Introduction A patent application is a formal form of request pending approval from the authorized…
Recently, a federal jury in Texas awarded damages for patent infringement to the tune of US$ 2.18 billion – one of the largest in US history. The case is VLSI Technology LLC v. Intel Corp., 21-57, U.S. District Court for the Western District of Texas (Waco). Intel Corp. (“Intel”) a well-known chip maker was handed the award that goes against them. In fact, it is believed the damages are about half of Intel’s fourth-quarter profit.
The jury held that Intel infringed two patents owned by VLSI Technology LLC (“VLSI”). The jury found $1.5 billion for infringement of one patent and $675 million for infringement of the second. The jury rejected Intel’s denial of infringing either of the patents and its argument that one patent was invalid because it claimed to cover work done by Intel engineers. The jury also held that there was no willful infringement. Had the jury found Intel to be a willful infringer, then the award could have gone up to three times the amount set by the jury.
VLSI is not the original owner of the patents; in-fact the background information surrounding the transfer and ownership is also interesting. Ostensibly, VLSI has no products, no earnings, or profits of substance to show as its own and this patent award would constitute a major and perhaps its only source of income. VLSI was an independent company till around 1999 when Philips purchased them for $1 billion and its assets were later transferred to the spinoff NXP. On the other hand, one of the patents was originally issued in 2012 to Freescale Semiconductor Inc. and the other in 2010 to SigmaTel Inc. SigmaTel was acquired by Freescale, and Freescale was in turn acquired by NXP in 2015 along with the two patents. VLSI was founded (again) in 2016 by Fortress Investment Group and the two patents, in this case, were transferred to VLSI in 2019.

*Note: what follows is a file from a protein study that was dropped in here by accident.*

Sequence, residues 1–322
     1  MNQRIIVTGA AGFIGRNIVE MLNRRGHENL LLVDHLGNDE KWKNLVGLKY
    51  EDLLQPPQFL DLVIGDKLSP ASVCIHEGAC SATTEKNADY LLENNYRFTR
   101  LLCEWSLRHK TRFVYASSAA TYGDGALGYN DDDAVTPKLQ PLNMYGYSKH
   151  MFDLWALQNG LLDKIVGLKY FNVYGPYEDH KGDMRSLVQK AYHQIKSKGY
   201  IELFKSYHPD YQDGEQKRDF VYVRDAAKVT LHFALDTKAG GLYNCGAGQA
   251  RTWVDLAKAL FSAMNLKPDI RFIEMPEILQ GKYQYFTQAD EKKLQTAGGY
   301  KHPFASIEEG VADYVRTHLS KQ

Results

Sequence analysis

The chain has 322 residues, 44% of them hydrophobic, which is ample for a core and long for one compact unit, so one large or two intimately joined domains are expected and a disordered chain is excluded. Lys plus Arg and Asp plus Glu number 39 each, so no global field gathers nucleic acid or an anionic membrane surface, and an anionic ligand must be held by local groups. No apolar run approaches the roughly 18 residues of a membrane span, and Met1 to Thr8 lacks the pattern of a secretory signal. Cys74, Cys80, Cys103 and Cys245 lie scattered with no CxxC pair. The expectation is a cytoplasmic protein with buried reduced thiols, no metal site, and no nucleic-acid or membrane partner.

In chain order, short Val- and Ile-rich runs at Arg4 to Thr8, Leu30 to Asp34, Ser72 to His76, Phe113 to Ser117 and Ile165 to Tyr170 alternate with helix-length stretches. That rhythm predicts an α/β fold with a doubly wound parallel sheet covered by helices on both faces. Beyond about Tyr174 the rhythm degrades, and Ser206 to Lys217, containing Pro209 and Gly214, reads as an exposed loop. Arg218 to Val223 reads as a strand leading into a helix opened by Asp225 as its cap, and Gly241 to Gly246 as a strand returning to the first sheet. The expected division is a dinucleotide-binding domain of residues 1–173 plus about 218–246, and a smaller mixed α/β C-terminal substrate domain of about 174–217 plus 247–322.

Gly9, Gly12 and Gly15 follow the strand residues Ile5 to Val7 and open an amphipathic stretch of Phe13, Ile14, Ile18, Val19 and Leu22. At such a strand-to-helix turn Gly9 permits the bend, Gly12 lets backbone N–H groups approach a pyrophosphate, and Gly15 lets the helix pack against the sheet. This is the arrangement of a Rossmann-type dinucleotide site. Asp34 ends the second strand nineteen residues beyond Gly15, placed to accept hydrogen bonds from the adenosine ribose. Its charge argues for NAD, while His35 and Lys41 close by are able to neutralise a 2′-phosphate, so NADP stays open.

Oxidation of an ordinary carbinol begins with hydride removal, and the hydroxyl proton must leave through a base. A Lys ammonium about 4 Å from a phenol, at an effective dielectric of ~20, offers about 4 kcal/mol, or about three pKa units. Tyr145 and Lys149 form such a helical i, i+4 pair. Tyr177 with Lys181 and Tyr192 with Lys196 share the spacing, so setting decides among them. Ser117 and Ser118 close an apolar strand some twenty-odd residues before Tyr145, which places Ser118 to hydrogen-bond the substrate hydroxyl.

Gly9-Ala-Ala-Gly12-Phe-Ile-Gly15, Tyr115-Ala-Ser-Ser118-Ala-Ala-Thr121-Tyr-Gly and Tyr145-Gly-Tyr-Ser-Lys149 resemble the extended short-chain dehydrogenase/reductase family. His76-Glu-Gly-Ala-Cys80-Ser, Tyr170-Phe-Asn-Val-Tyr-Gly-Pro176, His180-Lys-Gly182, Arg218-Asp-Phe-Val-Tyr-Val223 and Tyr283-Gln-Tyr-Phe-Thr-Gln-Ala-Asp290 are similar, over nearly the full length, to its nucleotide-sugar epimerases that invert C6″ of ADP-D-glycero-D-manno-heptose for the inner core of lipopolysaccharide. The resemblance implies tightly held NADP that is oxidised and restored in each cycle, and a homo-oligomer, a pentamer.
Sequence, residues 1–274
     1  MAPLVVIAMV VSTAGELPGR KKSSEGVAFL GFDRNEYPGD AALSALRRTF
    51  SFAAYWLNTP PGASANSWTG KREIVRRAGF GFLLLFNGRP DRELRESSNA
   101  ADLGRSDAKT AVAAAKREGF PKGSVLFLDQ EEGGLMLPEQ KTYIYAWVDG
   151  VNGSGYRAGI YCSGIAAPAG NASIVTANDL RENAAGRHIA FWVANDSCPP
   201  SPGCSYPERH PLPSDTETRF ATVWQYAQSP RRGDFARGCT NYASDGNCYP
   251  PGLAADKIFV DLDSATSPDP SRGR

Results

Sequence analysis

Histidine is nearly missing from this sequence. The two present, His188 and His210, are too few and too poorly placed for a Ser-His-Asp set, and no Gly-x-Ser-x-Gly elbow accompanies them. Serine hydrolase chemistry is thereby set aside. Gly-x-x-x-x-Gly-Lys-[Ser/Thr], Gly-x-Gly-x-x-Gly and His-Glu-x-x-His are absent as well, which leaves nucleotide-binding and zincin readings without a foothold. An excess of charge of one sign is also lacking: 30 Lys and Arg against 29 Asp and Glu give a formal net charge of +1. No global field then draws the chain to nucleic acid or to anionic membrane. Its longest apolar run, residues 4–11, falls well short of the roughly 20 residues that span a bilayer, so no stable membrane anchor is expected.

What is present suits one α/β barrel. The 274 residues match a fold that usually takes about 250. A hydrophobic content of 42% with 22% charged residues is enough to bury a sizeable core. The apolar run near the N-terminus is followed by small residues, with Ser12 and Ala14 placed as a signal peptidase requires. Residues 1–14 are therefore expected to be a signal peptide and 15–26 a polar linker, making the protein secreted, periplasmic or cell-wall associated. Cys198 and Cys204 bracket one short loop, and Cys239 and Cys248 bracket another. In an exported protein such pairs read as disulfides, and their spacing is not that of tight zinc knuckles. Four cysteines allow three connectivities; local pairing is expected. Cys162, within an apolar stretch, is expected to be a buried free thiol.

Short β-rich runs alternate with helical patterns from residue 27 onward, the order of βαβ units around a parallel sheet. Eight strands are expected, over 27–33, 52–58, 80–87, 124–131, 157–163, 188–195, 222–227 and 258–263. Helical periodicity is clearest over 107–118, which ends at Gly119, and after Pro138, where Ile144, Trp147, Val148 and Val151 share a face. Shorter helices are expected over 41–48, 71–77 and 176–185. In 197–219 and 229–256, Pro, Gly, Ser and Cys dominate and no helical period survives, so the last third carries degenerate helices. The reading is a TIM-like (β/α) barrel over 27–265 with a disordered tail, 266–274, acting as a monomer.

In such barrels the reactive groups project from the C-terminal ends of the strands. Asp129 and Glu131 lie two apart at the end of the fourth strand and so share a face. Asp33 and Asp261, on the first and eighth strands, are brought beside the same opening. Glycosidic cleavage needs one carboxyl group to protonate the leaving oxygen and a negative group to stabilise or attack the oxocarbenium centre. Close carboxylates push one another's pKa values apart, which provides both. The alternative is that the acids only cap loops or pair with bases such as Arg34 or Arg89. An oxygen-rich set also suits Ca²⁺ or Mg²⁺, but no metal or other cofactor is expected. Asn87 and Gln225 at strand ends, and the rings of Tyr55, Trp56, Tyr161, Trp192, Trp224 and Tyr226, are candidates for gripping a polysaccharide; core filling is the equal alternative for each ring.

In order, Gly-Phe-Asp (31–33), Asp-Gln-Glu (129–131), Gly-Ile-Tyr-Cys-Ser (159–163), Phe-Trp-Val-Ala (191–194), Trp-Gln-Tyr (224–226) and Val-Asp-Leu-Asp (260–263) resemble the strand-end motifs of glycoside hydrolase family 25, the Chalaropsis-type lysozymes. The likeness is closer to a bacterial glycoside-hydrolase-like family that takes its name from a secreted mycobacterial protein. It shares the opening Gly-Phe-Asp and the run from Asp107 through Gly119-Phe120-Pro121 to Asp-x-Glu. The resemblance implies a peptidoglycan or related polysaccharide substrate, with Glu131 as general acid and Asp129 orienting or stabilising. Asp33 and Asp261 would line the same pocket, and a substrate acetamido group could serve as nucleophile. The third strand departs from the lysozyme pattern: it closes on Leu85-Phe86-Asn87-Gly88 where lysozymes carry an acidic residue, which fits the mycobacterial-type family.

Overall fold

The patents in question – U.S. Patent Nos. 7,523,373 (‘373) and 7,725,759 (‘759) cover ways to improve the power and speed of processors using specific designs. The ‘373 patent (titled: Minimum memory operating voltage technique) essentially covers determining the minimum operating voltage of memory and storing this value in non-volatile memory. Two voltage sources are provided, and the second is selected to operate the memory if the first is below the minimum value. The ‘759 patent (titled: System and method of managing clock speed in an electronic device) on the other hand involves a programmable clock controller that can receive a request from a first device coupled to a variable clock frequency bus. The controller then changes the frequency of a high-speed clock that is used to control the clock frequency of a second device coupled to the bus as well as the bus itself. The jury found that Intel literally infringed claims 1, 5, 6, 9, and 11 of the ‘373 patent, and infringed claims 14, 17, 18, and 24 of the ‘759 patent under the doctrine of equivalents.
Intel intends to appeal while Fortress and VLSI Technology have other lawsuits pending against Intel, too.